Changes (book 12) and Ghost Story (book 13), but, as suggested by the ".5" designation, it is not a novel. It is, in fact, a collection of short stories that fall within the series as a whole with only the final story falling in between books 12 and 13.
This book is a good reason why I don't generally tend to care for short stories and why I don't generally care to like first person very much.
So let's have a writing lesson (yeah, I know it's a book review, but I can't talk about this issue without the writing lesson):
First person is seductive, especially to the beginning writer. It's easy and it feels natural. But, see, it's a trap. When you're writing in first person, the author isn't writing from his/her voice, s/he's writing from the character's voice. The problem, then, is that most authors can't differentiate between their own voice and their characters'. And, you know, that's fine as long as you only ever write the one character in first person. But that's not what usually happens, and it's not what happened here.
Butcher's been writing Dresden a long time. Dresden's voice is distinct. But, see, it's that seduction of the young writer to write in first person, and Dresden's voice is really Butcher's (which is why we get the occasional preachy episode in the Dresden books). It hadn't occurred to me nor would I have ever noticed if Butcher hadn't decided to write from some other characters' POVs in these short stories.
There's a story from the POV of Thomas and, other than that Thomas reminds us that it's him, the story reads just like it's from the POV of Harry. Sure, it's an interesting story with all of the Oblivion War stuff in it, but Butcher should have switched to third person so that it didn't feel like Harry talking.
And there's a story from the POV of Murphy which is only differentiated by the fact that she spends a lot of time talking about Harry and that there are sections describing her hand-to-hand fighting. However, those sections have the exact same feel as Harry describing how he uses magic, essentially making it the same voice. The only other thing is the reference to men speaking Martian, but it's not enough to set the piece apart from all of the Dresden pieces.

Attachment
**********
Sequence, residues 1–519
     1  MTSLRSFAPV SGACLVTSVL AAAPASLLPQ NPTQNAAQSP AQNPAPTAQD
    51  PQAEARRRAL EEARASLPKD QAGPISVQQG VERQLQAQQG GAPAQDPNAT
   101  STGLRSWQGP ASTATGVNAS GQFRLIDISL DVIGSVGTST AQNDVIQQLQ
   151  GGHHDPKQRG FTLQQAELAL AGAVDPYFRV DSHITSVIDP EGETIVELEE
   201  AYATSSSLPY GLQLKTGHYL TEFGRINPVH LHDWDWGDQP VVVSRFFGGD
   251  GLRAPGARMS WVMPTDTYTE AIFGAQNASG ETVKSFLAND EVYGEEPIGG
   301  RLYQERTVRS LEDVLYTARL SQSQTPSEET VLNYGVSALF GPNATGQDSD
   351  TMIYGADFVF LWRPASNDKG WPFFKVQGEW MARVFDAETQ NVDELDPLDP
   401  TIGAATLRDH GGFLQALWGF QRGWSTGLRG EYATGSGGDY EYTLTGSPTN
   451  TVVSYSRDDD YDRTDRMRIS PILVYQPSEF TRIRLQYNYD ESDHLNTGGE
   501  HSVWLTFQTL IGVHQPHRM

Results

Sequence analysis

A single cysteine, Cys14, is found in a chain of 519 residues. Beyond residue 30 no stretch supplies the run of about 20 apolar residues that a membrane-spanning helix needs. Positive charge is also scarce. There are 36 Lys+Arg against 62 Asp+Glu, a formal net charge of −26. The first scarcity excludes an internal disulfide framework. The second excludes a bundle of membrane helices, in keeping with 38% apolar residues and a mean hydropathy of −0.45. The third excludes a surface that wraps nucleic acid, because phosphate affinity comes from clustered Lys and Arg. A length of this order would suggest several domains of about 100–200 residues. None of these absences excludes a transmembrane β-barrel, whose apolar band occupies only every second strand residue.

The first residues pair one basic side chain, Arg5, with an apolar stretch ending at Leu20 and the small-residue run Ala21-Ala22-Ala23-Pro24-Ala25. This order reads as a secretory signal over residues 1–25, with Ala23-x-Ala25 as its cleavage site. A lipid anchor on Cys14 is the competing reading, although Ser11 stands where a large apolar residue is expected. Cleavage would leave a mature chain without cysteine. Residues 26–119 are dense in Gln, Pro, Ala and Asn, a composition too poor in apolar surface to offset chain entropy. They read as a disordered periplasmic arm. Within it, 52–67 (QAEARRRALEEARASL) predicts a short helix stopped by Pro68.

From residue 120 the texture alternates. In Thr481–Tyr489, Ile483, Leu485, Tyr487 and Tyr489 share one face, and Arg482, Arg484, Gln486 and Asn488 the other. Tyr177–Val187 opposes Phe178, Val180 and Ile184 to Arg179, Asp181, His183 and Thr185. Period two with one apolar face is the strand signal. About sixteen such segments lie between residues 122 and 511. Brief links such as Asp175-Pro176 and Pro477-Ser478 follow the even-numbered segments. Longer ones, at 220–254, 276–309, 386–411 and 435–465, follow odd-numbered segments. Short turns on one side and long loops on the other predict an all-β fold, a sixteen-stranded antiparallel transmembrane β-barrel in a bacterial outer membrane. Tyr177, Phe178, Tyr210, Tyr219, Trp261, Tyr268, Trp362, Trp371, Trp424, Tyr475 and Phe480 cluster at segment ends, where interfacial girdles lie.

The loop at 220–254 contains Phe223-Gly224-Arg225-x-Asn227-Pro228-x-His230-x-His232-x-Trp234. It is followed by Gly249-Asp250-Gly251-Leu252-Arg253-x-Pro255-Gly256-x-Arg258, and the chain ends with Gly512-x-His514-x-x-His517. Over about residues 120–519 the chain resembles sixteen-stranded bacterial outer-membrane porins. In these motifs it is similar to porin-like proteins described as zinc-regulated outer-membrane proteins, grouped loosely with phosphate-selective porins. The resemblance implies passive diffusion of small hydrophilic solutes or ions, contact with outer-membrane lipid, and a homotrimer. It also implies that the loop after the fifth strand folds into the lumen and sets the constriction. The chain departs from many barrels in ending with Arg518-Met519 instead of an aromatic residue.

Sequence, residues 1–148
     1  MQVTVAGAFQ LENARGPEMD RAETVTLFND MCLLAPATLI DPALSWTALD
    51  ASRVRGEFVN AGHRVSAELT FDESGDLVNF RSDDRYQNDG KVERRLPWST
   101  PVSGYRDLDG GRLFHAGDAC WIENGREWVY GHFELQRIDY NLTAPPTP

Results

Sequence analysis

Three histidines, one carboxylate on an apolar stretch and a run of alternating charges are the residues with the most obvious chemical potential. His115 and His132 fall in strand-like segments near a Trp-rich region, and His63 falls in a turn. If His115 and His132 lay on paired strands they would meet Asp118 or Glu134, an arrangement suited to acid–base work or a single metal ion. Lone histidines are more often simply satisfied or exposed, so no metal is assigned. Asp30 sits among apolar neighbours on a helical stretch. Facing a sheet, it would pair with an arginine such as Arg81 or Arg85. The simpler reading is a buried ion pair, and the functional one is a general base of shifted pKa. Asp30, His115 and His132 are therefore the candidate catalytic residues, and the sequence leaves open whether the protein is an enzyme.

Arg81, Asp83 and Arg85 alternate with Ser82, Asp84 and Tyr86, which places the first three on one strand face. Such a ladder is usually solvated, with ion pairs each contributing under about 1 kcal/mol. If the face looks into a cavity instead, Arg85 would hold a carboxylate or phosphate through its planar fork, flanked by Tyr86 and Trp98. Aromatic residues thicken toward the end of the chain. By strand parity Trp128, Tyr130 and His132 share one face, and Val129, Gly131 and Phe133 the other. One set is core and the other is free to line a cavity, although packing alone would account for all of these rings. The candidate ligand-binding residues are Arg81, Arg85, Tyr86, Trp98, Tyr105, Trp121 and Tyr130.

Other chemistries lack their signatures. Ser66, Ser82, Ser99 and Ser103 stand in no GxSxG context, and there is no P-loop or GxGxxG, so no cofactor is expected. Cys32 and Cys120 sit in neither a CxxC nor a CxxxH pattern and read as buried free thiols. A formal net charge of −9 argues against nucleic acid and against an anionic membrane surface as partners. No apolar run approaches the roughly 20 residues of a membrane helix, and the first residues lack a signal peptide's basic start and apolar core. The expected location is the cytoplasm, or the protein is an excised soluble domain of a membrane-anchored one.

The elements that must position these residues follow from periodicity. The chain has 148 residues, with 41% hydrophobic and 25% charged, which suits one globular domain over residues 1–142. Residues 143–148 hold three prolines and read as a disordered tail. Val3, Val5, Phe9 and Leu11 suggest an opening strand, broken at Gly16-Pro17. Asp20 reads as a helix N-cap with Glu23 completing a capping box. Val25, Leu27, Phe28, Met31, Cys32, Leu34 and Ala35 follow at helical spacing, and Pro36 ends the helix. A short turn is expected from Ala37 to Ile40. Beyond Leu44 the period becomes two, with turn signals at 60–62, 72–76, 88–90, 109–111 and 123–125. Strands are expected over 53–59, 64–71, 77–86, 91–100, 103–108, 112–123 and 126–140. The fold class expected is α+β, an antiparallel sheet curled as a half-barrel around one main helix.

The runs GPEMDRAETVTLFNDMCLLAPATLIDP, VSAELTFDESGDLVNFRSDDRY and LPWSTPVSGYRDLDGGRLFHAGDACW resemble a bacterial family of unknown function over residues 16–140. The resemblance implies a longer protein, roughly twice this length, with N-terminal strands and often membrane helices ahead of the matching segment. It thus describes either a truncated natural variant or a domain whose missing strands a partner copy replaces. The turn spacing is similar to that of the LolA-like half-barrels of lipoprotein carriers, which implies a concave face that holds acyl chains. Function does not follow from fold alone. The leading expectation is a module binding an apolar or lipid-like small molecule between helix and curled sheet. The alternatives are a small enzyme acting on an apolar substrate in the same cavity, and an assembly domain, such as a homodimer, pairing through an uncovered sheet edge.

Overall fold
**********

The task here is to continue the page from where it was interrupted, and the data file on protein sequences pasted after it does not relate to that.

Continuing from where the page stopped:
A first person character voice should be as distinctive as listening to someone speak in person. Butcher doesn't pull that off, which was more than a little disappointing.
Then, there is the issue that the stories are of vastly variable quality with only a few feeling like they actually added anything to the Dresden world. And when the heck did Georgia become Butcher's Lois Lane? Really, we had to have two different stories about her getting kidnapped? I get that Will and Georgia are the only characters that Butcher has allowed to have any kind of long term relationship and they have to be the default for that kind of story, but, sheesh, damsel in distress much?
All of that said, if you're a fan of The Dresden Files, you'll want to read the book. "Day Off" and "The Warrior" were both very good and, actually, so is "Something Borrowed" (despite the Georgia kidnapping). And, then, "Aftermath" is almost essential reading. Almost. You could get by without it, but it's worth the read to fill in some space between books 12 and 13. And, of course, you get rescue Georgia again.